California fire season 2019


Elinor Amir-Lobel, Copy Editor

“So comes snow after fire, and even dragons have their ending!” wrote famous author J.R.R. Tolkien. However, here in California, snow is rare, and the 2019 wildfire dragons proved especially devastating for our ecosystem. Approximately 7,000 fires were recorded this year in California, and the Diablo and Santa Ana winds continued to blow in December. 

The total damages from this season are estimated to amount to around $80 billion, and, in November, President Trump notoriously tweeted that California’s Governor, Gavin Newsom, should “get his act together” and threatened to cut off California from federal funds that traditionally aided the aftermath of wildfires. Governor Newsom responded that, since the President denies climate change exists, he is “excused from this conversation.” The Governor then stated, “We’re successfully waging war against thousands of fires started across the state in the last few weeks due to extreme weather created by climate change while Trump is conducting a full on assault against the antidotes.”

There were fewer acres burned this year than in previous years which is remarkable considering that the last two years have consisted of the deadliest fire seasons in history. However, compared to previous seasons, there have been more power outages. 

This year, in anticipation of the fires, Public Safety ordered massive power shutoffs, and millions were left without power in their homes and workplaces. For example, at the University of California, Berkeley, electricity was shut off for several days. These preemptive shutoffs have been controversial because they were designed to be preventative, as high winds meeting high voltages can erupt fires, but they also left many residents without power for days and, therefore,dangerously unaware of critical updates and life-saving electronic devices. On the positive side of the situation, the Getty Museum, which was at high risk of being damaged, was protected and unharmed by nearby fires.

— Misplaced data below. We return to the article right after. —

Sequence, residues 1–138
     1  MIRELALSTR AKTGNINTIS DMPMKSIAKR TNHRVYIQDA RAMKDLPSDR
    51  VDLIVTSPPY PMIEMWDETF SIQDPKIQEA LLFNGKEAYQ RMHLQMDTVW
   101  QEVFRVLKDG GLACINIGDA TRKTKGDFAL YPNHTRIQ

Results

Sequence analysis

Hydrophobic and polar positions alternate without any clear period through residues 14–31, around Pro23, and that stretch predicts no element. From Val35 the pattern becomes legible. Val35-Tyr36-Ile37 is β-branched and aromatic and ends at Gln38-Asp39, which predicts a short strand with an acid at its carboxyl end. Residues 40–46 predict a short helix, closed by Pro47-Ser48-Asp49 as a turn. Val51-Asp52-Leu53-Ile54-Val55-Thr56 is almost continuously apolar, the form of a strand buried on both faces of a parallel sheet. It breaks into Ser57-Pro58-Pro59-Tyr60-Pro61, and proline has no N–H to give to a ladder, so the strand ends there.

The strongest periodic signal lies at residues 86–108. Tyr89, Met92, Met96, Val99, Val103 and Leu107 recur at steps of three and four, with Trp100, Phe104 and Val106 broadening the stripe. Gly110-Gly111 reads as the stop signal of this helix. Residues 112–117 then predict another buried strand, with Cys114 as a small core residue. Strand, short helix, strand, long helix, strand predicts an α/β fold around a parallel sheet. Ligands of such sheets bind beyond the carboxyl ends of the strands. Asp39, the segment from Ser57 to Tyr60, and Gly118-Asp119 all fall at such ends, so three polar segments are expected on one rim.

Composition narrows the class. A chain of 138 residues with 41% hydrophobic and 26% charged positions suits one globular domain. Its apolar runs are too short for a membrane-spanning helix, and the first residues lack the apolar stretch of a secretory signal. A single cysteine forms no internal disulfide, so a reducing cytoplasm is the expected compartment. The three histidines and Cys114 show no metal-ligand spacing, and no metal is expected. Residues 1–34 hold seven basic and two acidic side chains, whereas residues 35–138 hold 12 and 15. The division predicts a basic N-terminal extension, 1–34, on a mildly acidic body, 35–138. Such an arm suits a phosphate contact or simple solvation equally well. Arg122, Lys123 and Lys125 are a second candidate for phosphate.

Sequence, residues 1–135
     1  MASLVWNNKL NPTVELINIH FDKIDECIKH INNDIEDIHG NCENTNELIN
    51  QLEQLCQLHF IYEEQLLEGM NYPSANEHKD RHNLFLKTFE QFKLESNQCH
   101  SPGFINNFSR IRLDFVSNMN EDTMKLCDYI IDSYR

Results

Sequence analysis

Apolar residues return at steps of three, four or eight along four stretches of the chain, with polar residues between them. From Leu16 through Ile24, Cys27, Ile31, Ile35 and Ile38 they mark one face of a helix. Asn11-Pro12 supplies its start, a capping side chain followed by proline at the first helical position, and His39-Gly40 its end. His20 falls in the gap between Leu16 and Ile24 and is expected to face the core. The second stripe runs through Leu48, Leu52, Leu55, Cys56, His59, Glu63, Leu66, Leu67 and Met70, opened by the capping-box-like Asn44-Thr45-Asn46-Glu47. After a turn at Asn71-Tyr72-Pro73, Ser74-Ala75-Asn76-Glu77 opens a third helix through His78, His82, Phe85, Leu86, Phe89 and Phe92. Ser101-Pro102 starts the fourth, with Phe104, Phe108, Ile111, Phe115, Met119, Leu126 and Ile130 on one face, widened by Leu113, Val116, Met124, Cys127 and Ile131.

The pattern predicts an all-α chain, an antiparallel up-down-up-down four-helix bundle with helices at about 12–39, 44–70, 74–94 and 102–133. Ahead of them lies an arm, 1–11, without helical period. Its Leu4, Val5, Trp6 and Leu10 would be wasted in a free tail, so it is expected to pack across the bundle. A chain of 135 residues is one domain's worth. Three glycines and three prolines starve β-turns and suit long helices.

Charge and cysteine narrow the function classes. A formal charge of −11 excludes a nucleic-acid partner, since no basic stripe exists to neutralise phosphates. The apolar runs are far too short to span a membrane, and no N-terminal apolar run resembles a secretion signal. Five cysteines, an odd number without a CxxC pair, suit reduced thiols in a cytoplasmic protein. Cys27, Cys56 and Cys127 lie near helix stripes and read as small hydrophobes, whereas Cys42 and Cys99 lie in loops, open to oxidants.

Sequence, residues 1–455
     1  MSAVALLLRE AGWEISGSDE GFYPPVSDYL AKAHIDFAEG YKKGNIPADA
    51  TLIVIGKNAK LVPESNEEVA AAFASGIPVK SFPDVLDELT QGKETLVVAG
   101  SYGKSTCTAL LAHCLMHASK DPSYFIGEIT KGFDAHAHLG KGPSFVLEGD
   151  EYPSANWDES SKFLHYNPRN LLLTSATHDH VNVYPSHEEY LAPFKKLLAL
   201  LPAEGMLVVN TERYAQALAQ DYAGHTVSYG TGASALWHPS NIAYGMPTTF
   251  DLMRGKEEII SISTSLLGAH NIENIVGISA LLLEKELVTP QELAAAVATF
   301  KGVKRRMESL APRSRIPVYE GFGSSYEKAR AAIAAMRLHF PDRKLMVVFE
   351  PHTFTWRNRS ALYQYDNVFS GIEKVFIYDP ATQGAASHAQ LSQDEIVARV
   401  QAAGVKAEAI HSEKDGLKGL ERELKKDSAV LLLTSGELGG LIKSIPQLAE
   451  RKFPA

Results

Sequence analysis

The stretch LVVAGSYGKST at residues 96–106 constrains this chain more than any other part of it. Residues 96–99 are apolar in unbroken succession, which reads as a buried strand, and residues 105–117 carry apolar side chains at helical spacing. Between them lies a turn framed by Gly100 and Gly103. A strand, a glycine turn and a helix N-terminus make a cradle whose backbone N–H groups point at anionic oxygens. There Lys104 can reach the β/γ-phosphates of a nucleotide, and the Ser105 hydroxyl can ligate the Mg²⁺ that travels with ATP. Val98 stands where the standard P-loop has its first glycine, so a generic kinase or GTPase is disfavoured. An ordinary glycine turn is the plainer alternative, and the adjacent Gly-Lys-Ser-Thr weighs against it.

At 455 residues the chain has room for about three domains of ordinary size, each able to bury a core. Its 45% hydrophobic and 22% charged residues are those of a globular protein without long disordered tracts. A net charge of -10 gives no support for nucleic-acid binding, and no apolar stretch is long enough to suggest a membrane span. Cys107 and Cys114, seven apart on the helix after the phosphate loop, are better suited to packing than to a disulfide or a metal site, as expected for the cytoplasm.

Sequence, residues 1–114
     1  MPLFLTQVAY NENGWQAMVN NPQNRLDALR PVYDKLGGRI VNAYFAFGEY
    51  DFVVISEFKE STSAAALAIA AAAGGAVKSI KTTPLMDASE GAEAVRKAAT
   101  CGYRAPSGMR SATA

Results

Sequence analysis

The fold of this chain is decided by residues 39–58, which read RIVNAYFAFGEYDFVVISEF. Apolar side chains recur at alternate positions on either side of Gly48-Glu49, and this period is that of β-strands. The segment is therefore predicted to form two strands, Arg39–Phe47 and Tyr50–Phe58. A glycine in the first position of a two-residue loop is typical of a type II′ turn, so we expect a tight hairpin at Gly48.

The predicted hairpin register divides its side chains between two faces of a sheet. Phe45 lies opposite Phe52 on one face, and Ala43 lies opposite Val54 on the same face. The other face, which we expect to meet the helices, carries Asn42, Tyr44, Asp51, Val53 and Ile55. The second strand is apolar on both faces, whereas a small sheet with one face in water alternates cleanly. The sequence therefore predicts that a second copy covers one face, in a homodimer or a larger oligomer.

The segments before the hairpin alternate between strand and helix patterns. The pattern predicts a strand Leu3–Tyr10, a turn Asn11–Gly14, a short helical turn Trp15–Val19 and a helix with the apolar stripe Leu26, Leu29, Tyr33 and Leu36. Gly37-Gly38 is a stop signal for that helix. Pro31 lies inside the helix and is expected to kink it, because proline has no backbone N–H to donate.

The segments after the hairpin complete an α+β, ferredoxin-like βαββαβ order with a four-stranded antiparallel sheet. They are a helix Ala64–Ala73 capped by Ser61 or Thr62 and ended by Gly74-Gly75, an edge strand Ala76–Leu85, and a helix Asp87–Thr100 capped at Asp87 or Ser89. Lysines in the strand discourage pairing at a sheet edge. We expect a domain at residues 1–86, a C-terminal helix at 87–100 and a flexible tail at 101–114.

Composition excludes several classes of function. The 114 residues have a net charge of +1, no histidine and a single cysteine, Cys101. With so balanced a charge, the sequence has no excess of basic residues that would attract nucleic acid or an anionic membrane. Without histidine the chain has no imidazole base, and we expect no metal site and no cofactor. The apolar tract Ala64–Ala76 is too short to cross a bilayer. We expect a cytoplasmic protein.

Still, the devastation is huge, and the ripple effects, both economic and social, will continue as we enter new seasons. Despite voices to the contrary, understanding climate change is key to understanding California’s wildfires. As Columbia University environmental professor Park Williams explains, global warming means that our surroundings are drying out more than in the past, leading to drier vegetation that is more pervasive and can catch fire more easily.

Robert Frost famously wrote, “Some say the world will end in fire, some say in ice.” The fact is, our icebergs are melting, and our fires are becoming more threatening and it is up to us to take action and protect our Earth.